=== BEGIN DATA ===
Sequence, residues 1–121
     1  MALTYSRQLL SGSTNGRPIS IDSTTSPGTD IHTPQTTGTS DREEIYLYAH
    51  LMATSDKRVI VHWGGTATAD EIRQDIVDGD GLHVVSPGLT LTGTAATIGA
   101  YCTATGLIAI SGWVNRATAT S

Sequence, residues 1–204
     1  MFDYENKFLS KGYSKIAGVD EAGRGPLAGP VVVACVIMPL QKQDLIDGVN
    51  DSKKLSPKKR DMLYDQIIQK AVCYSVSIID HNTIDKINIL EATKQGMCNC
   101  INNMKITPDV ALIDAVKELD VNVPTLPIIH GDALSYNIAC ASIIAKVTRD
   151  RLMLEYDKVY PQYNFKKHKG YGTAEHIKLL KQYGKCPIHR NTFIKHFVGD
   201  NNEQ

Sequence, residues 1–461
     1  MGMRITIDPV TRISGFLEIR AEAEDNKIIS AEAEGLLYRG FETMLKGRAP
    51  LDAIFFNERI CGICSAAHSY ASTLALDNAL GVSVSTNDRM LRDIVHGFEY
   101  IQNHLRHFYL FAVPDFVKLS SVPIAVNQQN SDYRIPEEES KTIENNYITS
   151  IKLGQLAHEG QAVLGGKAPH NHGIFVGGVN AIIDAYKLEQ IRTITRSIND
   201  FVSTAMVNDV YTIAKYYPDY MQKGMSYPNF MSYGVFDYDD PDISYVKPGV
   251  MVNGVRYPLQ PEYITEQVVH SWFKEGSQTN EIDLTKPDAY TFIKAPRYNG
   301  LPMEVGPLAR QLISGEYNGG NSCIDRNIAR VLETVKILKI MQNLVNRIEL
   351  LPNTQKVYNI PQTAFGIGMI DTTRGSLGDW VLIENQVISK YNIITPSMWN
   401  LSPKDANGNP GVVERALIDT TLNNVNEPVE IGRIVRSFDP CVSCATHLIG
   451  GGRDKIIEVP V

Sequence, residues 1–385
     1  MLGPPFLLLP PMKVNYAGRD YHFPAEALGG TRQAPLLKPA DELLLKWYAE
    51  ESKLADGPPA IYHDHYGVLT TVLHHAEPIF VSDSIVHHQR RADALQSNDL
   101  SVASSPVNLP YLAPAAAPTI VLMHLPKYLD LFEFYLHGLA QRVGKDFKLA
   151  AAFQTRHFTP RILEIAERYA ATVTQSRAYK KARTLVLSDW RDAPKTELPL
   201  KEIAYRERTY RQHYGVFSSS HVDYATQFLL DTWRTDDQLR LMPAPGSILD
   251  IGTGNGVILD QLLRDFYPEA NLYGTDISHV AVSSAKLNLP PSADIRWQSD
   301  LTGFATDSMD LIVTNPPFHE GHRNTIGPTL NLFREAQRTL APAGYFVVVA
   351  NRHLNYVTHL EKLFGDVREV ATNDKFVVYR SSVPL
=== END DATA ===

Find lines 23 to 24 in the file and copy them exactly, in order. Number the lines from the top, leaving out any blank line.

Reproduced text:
     1  MLGPPFLLLP PMKVNYAGRD YHFPAEALGG TRQAPLLKPA DELLLKWYAE
    51  ESKLADGPPA IYHDHYGVLT TVLHHAEPIF VSDSIVHHQR RADALQSNDL